--Politely Curious

P.C., I suspect that many Name Lady readers can relate to your dilemma! Happily, your good intentions go a long way in these situations. I find that most parents are delighted to share their  “how we chose his name” story with an eager audience. Even those who simply stumbled upon a name they loved in a book can enthuse about what made that name special to them.

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Help! He’s After My Name!

We had been trying for years to get pregnant and we finally did. My coworker and his wife got pregnant shortly after us. This coworker is super competitive -- I try to limit the baby talk as not to incite this part of him. One day, however, he came up behind me and announced that he and his wife have decided on a name. It is the exact name I had told other coworkers weeks before, and have been referring to my baby as this ever since-- same first, same middle! They had some other names picked prior that were very modern, whereas my chosen name (which is uncommon) is not. The middle name is a family name I had already told him we were using, regardless of the first.

I know he only told me in order to "claim" the name, but I have no idea how to react. Our baby is due three weeks before my theirs. Do I abandon the name I've fallen for or move on? How do I respond to him at work? I didn't know I had to claim my name in order for it to be valid.
- Cornered

You’ve called your coworker “competitive.” “Competitors” have the drive to take themselves to the top; “saboteurs” take more pleasure in sending others to the bottom. This fellow sounds like the latter.

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Do We Need Permission to Use this Name?

My husband and I want to name one of our twins after his grandpa who passed recently. We want to use the first and middle name exactly, and of course the last name would make it identical (but we would do without a Jr., II, etc.) Do we need to voice this to his siblings and ask if they're ok with it? I feel like if we spring it on them at birth, they might feel like, "It's not fair that you took the name, he's our grandpa too."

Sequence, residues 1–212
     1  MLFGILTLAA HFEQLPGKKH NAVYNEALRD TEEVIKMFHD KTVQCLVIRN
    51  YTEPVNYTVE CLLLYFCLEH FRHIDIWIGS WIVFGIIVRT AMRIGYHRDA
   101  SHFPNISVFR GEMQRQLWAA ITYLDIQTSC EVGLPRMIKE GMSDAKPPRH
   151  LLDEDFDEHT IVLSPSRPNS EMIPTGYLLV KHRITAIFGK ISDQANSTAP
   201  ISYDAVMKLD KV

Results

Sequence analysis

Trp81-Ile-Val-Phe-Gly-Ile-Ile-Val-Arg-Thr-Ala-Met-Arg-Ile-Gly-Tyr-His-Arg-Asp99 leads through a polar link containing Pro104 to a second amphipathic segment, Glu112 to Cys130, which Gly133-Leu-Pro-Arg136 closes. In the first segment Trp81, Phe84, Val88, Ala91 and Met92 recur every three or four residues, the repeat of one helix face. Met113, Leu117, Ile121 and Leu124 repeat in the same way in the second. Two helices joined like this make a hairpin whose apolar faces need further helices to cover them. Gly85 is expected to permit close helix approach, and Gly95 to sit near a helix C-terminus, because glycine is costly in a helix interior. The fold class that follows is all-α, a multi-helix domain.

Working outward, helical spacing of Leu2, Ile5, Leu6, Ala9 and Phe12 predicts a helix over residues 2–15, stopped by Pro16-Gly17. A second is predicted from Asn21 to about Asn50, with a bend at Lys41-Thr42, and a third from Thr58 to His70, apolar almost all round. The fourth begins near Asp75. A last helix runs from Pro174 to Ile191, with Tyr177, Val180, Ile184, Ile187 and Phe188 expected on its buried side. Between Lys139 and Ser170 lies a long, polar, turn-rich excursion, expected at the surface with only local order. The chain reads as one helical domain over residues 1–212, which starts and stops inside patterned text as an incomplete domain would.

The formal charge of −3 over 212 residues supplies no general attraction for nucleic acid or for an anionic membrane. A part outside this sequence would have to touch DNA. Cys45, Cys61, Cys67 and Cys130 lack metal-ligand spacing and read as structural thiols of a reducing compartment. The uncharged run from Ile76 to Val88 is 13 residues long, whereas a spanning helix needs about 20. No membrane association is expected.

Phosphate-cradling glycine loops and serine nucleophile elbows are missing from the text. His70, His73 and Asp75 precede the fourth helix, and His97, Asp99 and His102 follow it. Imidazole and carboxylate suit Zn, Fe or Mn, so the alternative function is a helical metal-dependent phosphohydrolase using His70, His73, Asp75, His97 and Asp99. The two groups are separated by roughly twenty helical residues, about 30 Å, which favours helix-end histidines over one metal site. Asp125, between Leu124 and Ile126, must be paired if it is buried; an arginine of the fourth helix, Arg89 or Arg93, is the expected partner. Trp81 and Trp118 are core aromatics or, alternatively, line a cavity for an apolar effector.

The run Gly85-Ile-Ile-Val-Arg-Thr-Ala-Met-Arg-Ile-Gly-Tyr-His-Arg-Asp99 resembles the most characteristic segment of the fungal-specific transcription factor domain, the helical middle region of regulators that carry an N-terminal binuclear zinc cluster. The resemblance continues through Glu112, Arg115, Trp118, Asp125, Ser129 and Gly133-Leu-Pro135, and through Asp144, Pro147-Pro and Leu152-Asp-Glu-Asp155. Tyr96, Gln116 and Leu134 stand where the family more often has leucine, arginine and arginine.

- Namesaker

I appreciate your thoughtful impulses -- both to honor your husband's grandfather, and to honor the importance of his name to the rest of the family. Too often, we fall prey to the tempation of focusing on "rules" and whether we have the "right" to do something according to formalized etiquette. Having the rules on your side is comforting, but it doesn't change the reality of hurt feelings among the people you love. A dose of common-sense thoughtfulness is always in order.

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They Want My Baby Name!

Close friends of ours want to use our son's name for their soon-to-be born baby. My son is just 14 months, and he is their godson. They asked us what we think and to be honest with them. I have yet to answer, because I am hurt and do not want them to use the name. I feel they should have taken it off their list 14 months ago when our little guy was born, as I would have done for any close friend or family member. I know we do not own the name, but I do not think it is right. Am I too close to this to be rational, or are my feeling justified?

- Why MY Name?

Last week I published a letter from an expectant mother who was concerned about using a baby name that a relative had already chosen. I advised her to simply pick up the phone and call the other parent. There are no official rules to when names are "taken"; it varies based on relationships, culture, and the names themselves. (Two boys named Jupiter might be a bigger deal than two boys name James.)  Asking permission is the direct approach, and the considerate one. 

Your friend has already taken my advice, yet you still feel hurt. Even the idea  of close friends encroaching on your name space feels like a violation. I understand where you're coming from, given that the friends are your son's own godparents. Nonetheless, I think you're being a little unfair with this mom-to-be.

 
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My Boyfriend Won't Stick Up For His Name!

My boyfriend has a name that can be spelled two different ways, like Abby/Abbey or Zack/Zach. He legally spells it one way but doesn't care how anybody else spells it, and it bugs me when people spell it the "wrong" way. What should I do? - Confused GF

We all have our pet peeves, little bits of wrongness that drive us batty while others take no notice. Did you ever see a guy wearing black shoes with a brown belt? Or have somebody hover behind you, reading over your shoulder? Most of you probably have, but didn't care. A few of you, though, are seething at the very thought. It's the same with name spellings.